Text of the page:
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Also in the top 10 of the new Billboard 200, Linkin Park’s first hits compilation, Papercuts, debuts at No. 6, marking the 11th top 10-charting effort for the rock band.

The Billboard 200 chart ranks the most popular albums of the week in the U.S. based on multi-metric consumption as measured in equivalent album units, compiled by Luminate. Units comprise album sales, track equivalent albums (TEA) and streaming equivalent albums (SEA). Each unit equals one album sale, or 10 individual tracks sold from an album, or 3,750 ad-supported or 1,250 paid/subscription on-demand official audio and video streams generated by songs from an album. The new April 27, 2024-dated chart will be posted in full on Billboard‘s website on April 23. For all chart news, follow @billboard and @billboardcharts on both X, formerly known as Twitter, and Instagram.

Of We Still Don’t Trust You’s first-week unit sum of 127,500, SEA units comprise 124,500 (equaling 162.57 million on-demand official streams of the set’s 25 tracks), traditional album sales comprise 2,500 (the album was only available to purchase as a digital download) and TEA units comprise 500.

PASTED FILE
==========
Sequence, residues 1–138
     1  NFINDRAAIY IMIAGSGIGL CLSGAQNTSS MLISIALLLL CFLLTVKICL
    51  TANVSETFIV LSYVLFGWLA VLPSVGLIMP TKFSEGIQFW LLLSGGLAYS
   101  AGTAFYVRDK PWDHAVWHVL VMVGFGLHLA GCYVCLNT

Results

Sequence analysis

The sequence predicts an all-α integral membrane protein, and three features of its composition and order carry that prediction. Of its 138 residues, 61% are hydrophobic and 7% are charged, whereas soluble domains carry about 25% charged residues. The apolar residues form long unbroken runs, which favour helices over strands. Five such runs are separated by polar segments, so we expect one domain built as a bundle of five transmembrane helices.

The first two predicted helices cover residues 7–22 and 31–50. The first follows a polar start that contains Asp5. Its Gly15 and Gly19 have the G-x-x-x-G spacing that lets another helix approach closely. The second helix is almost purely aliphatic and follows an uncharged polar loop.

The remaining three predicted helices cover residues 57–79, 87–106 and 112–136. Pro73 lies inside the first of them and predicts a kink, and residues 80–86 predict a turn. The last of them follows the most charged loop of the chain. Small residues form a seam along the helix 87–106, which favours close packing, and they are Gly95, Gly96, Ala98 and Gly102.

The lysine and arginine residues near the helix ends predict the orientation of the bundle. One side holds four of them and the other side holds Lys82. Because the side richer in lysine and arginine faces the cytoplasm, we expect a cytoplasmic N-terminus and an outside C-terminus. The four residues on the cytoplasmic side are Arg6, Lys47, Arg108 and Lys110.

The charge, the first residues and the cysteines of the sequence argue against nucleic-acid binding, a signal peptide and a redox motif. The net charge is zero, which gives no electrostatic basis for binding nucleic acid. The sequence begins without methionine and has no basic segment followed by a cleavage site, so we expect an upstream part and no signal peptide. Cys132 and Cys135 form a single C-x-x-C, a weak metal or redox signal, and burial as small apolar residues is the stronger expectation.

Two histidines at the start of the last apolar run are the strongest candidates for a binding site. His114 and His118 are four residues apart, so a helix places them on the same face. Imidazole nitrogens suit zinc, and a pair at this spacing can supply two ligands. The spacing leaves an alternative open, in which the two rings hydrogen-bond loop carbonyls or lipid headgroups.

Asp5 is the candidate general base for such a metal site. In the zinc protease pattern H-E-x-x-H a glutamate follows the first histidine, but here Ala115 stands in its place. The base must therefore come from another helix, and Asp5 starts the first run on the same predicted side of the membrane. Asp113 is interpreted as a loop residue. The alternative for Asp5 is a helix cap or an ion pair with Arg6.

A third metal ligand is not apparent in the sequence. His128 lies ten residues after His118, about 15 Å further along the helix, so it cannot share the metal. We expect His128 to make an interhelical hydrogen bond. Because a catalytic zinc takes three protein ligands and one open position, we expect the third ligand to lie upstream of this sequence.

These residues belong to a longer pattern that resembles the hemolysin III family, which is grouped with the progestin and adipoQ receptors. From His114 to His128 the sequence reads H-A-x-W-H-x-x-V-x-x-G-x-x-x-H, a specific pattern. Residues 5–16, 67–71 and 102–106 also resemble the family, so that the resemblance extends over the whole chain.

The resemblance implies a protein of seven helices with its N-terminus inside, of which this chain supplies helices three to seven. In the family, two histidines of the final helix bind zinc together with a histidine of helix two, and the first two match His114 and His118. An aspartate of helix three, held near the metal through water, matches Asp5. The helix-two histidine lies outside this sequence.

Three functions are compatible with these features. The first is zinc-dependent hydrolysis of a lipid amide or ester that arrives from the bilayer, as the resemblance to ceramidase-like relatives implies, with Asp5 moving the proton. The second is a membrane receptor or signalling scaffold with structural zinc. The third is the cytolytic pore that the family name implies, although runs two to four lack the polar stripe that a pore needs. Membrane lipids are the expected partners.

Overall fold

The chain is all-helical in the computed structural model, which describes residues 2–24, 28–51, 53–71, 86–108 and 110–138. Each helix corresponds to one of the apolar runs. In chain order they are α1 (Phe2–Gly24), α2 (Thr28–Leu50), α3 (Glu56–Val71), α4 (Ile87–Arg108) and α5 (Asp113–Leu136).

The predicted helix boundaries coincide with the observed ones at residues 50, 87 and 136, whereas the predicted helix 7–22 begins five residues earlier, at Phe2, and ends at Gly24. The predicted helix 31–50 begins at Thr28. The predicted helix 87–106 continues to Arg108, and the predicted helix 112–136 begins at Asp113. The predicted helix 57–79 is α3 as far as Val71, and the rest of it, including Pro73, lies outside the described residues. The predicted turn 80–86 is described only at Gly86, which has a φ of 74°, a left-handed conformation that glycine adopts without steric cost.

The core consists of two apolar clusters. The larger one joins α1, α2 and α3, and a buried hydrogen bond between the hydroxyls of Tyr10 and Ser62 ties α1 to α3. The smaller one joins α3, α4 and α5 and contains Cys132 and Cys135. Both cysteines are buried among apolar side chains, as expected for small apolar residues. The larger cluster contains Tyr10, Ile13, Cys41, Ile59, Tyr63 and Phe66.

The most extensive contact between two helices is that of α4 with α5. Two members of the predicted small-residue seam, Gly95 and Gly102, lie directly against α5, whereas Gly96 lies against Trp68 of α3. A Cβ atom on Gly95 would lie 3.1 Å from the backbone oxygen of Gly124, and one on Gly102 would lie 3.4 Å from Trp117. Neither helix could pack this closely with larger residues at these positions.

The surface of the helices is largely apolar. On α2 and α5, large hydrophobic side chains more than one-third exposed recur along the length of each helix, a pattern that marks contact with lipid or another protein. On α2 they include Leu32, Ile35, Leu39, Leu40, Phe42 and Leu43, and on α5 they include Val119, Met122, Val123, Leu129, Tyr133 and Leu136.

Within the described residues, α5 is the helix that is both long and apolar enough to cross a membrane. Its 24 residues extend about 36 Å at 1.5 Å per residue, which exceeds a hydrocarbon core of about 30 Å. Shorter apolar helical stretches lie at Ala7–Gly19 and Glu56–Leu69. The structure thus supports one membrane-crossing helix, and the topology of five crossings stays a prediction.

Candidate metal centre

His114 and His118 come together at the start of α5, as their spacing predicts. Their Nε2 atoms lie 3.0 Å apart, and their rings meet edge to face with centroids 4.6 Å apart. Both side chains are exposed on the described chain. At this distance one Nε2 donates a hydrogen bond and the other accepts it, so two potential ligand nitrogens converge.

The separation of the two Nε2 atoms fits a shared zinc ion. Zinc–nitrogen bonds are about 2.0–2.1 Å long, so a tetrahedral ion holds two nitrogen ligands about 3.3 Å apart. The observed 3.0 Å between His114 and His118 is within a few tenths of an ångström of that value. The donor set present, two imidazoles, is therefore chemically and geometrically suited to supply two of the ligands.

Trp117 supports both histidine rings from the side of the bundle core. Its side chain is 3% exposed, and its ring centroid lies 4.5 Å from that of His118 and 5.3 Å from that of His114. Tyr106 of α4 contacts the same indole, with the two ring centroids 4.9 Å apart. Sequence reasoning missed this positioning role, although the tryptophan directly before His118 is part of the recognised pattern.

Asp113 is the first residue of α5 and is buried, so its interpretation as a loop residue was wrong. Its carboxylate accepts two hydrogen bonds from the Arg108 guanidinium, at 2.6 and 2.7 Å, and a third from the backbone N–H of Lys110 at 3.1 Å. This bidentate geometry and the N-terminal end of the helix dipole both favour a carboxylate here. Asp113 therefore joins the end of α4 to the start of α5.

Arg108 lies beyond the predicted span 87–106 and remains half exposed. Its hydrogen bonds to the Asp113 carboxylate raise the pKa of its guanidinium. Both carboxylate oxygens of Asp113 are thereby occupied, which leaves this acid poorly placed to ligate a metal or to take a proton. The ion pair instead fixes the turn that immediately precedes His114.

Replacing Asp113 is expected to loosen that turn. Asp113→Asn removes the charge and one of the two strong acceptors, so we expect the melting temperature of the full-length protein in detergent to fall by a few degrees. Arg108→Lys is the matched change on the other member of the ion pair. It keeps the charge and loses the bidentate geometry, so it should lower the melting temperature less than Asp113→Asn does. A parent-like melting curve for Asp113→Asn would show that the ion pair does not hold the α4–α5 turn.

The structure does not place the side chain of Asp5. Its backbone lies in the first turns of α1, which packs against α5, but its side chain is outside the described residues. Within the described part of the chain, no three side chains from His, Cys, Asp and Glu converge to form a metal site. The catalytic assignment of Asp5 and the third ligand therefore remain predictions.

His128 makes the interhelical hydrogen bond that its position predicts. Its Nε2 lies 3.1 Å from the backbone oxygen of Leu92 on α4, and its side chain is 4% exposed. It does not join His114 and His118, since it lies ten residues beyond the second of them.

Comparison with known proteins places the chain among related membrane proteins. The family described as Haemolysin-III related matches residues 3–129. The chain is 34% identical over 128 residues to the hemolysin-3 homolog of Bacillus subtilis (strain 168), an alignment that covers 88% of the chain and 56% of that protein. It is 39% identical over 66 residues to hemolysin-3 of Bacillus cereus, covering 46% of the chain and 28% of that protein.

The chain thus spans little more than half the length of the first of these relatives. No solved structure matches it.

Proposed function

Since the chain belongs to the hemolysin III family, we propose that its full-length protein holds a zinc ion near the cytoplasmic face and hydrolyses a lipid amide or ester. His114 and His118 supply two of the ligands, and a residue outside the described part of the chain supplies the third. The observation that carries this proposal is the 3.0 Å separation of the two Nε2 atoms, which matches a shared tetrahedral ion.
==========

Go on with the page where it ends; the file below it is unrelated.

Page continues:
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A CD configuration of We Still Don’t Trust You is due for release on April 26, while its vinyl is scheduled to drop in July. We Don’t Trust You, meanwhile, was issued on CD on April 19, while its vinyl is also due in July.

Beyoncé’s Cowboy Carter slips to No. 2 after spending its first two weeks atop the Billboard 200. It earned 98,000 equivalent album units in its third week (down 24%). Morgan Wallen’s former No. 1 One Thing at a Time rises 5-4 with 71,000 (down 1%). Noah Kahan’s Stick Season jumps 8-5 with 51,000 (up 14%), following the release of the Stick Season(We’ll All Be Here Forever) deluxe edition across four vinyl variants and on CD. The deluxe set was originally released on June 9, 2023, as a digital download and streaming album.

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Linkin Park’s first hits compilation album, Papercuts, debuts at No. 6 with 44,000 equivalent album units earned. Of that sum, SEA units comprise 23,000 (equaling 32.04 million on-demand official streams of the set’s 20 songs), album sales comprise 20,500 and TEA units comprise 500. The album’s sales were bolstered by its availability across eight vinyl variants, as well as a CD, cassette and digital download.